where the hydrocarbon EREBO potential was developed by Brenner. Here, the EREBO used to describe the interactions between covalent atoms has the same form as in [43,44] and has the same coefficients as the Brenner potential function, that is:
E ij REBO = V i j R + b i j V i j A
where V i j A and V i j R are the attractive and repulsive interaction energies between atoms i and j, respectively, and the many-body bonding parameters are notated by b i j .
The long-range interactions between non-bonded atoms are based on the Lennard–Jones 12-6 potential, represented by the ELJ term, defined as [45]:
E ij LJ = 4 ε ij [ ( σ ij r ij ) 12 ( σ ij r ij ) 6 ]
Dihedral-angle intermolecular interactions, the role of which is considered unimportant in CNT analysis [40], are described by the ETORTION term.
The cross-sectional area of a SWNT is a ring S = πδD. Among them, δ is the wall-thickness that uses a van der Waals thickness of 0.34 nm, D is the diameter of the SWNT, and the bond length of the carbon–carbon in the simulations is 0.144 nm. [46]. In the NEMD simulation, in order to establish a stable temperature gradient, a stable heat flux is added to the system. A certain amount of kinetic energy is taken from the cold region, and at the same time, the same amount of kinetic energy is added to the hot region. These processes are achieved using the variants of the algorithm proposed by Jund and Jullien [47]. By rescaling the velocity of atoms, the heat flux is added to or taken away from the corresponding region.
All MD simulations can be conducted using the Large-scale Atomic/Molecular Massively Parallel Simulator (LAMMPS) [48], one of the powerful open-source MD simulation packages, with a time step as small as Δt = 0.1 fs. First, a 100 ps relaxation time for the velocity and the constant volume without thermostat (NVE) will be provided to relax the entire system at a room temperature of 298 K. A stable temperature gradient will be reached throughout the system. After the equilibration, a constant heat flux will be applied to the system for another 400 ps. Along the axial direction (the heat flow direction), the CNTs with the same thickness will be separated into slabs. Through the kinetic energy of the atoms in the slabs, the local temperature of each slab can be obtained. The last 0.1 ns will be averaged to obtain a smooth temperature profile. Figure 2b shows the temperature profile of (12, 12) SWNT along the length of the tube. It is about 90 nm long between the cold region and the hot region. The thermal conductivity of the SWNT can be calculated by fitting the temperature configuration within the middle linear part. Therefore, the temperature gradient can be easily obtained by calculating the slope of the temperature fitting line.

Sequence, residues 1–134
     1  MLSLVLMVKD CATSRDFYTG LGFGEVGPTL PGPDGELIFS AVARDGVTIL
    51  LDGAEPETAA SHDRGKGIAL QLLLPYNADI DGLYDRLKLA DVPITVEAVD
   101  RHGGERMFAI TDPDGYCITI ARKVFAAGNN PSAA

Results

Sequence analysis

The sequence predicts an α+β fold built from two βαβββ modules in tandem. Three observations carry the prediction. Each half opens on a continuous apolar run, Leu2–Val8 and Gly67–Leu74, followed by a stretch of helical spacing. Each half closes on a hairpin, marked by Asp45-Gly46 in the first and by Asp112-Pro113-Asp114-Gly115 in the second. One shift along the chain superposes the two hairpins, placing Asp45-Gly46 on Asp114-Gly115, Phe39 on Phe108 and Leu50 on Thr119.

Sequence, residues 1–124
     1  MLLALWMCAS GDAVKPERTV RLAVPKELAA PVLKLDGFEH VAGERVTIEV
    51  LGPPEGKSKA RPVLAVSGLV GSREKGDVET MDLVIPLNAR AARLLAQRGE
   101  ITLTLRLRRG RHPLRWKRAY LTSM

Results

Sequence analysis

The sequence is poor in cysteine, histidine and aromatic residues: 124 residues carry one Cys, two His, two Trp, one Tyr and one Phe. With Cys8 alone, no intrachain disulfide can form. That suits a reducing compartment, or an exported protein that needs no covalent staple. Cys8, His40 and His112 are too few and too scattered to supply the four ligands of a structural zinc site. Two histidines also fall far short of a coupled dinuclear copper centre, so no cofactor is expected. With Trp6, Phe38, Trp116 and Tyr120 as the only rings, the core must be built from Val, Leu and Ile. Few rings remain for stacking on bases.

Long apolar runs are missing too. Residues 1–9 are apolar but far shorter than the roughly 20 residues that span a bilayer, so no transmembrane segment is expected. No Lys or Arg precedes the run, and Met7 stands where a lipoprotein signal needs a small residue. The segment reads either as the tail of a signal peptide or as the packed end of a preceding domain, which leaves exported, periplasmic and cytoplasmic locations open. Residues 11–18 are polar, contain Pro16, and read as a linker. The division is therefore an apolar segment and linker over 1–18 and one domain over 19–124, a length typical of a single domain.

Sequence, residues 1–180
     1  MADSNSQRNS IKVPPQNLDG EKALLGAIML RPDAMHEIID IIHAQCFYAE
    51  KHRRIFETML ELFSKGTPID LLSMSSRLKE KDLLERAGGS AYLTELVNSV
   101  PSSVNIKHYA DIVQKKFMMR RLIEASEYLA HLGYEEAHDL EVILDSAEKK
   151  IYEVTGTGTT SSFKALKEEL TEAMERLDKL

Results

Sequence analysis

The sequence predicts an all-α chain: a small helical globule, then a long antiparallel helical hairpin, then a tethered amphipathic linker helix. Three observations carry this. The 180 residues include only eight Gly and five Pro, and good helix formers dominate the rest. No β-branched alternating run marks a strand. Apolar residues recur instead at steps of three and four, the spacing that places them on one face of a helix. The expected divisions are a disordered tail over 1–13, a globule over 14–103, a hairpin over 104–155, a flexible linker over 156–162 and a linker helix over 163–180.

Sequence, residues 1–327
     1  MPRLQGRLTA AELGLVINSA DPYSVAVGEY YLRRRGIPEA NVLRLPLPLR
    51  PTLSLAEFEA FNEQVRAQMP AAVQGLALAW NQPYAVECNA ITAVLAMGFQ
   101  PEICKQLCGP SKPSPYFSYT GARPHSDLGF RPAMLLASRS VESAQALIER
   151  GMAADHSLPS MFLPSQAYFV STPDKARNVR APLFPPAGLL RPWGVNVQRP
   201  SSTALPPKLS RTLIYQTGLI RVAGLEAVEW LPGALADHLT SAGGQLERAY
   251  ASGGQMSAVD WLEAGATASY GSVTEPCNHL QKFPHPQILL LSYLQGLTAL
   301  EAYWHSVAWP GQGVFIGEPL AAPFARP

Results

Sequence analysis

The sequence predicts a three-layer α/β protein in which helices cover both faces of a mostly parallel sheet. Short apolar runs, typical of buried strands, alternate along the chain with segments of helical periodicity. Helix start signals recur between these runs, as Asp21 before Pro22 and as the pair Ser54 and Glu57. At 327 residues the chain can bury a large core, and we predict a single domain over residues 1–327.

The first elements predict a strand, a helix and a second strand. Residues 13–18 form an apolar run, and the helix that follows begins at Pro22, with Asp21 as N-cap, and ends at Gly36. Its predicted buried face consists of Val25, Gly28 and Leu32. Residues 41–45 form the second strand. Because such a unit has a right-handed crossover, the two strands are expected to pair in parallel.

To study the electrical conductivity, under the periodic boundary conditions of p = 1 atm, the Nanoscale Molecular Dynamics (NAMD) simulation package can be used in the constant temperature and constant pressure (NpT) ensemble (an isothermal-isobaric ensemble), while T = 300 K, the time step is Δt = 1 fs, and the simulation time can be as long as 4 ns [41]. The Boltzmann transport theory implemented in CRYSTAL17 [42] can be used to obtain the electrical conductivity σ, at temperature T of 300 K. The constant relaxation time, right boundary and transport coefficient can be solved approximately, such that
[ σ ] qr ( μ , T ) = e 2 d E ( d f 0 ( μ , T ) d f ) E q r ( E )
where E is the energy of the system, f0 is the Fermi–Dirac distribution, μ is the Fermi level, and   E q r ( E ) is the transport coefficients defined as
E qr ( E ) = τ k 1 N k 1 V ij v i , q ( k ) v j . r ( k ) δ ( E E i ( k ) )
where Vi,q is the velocity of the ith band along q, Nk is the number of k-points over the cell volume V, and the lifetime, τ, is 1 fs for all studied systems. The conductivity is shown as the summation of the α and β spin states [49,50].

2.6. Effectivity of Hydrogen Bonding for CNT Alignment

In the experimental method, carbon nanofillers are usually those materials with an average fiber diameter of 150 nm and lengths of 50–200 μm, industrial-grade hydroxyl functionalized multiwalled carbon nanotubes (MWNT-OH) with diameters of 20–40 nm and lengths of 10–30 μm, 88+% (>90%) purity, using Varathane’s water-based polyurethane, with A + B epoxy and Polycrylic coating. The carbon nanomaterials are mixed into the base coating solutions with the desired weight percentage, and homogeneous mixture can be obtained using both a three-roll mill and a Branson Sonifier [51,52]. According to the thickness of the mixture, the resulting coating mixture can be applied to the non-sticky and non-conductive surface using a smear-casting technique or an airbrush, which is easy to release. Generally, in the experimental method, the electrical conductivity is calculated based on the inverse of the resistivity. The resistivity is given [51].